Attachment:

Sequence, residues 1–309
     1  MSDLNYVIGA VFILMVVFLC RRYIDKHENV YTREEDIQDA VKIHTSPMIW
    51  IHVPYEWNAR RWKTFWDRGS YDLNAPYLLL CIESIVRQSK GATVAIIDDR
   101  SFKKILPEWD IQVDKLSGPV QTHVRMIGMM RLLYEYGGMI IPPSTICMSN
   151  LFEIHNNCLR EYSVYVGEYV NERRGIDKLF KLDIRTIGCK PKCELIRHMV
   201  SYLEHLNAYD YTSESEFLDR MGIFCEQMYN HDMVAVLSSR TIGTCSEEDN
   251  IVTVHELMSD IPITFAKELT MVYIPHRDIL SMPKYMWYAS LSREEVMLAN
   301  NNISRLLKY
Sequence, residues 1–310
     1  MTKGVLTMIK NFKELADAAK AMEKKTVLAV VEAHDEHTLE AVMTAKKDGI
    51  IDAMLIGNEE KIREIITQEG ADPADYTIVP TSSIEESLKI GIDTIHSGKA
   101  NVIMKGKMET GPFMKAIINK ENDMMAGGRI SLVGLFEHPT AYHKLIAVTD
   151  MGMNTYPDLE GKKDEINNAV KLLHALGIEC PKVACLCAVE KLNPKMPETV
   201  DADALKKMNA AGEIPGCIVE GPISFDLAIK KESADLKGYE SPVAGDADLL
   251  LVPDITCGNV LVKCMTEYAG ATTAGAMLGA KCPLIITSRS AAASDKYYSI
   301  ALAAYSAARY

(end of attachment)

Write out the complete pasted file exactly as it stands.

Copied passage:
Sequence, residues 1–309
     1  MSDLNYVIGA VFILMVVFLC RRYIDKHENV YTREEDIQDA VKIHTSPMIW
    51  IHVPYEWNAR RWKTFWDRGS YDLNAPYLLL CIESIVRQSK GATVAIIDDR
   101  SFKKILPEWD IQVDKLSGPV QTHVRMIGMM RLLYEYGGMI IPPSTICMSN
   151  LFEIHNNCLR EYSVYVGEYV NERRGIDKLF KLDIRTIGCK PKCELIRHMV
   201  SYLEHLNAYD YTSESEFLDR MGIFCEQMYN HDMVAVLSSR TIGTCSEEDN
   251  IVTVHELMSD IPITFAKELT MVYIPHRDIL SMPKYMWYAS LSREEVMLAN
   301  NNISRLLKY
Sequence, residues 1–310
     1  MTKGVLTMIK NFKELADAAK AMEKKTVLAV VEAHDEHTLE AVMTAKKDGI
    51  IDAMLIGNEE KIREIITQEG ADPADYTIVP TSSIEESLKI GIDTIHSGKA
   101  NVIMKGKMET GPFMKAIINK ENDMMAGGRI SLVGLFEHPT AYHKLIAVTD
   151  MGMNTYPDLE GKKDEINNAV KLLHALGIEC PKVACLCAVE KLNPKMPETV
   201  DADALKKMNA AGEIPGCIVE GPISFDLAIK KESADLKGYE SPVAGDADLL
   251  LVPDITCGNV LVKCMTEYAG ATTAGAMLGA KCPLIITSRS AAASDKYYSI
   301  ALAAYSAARY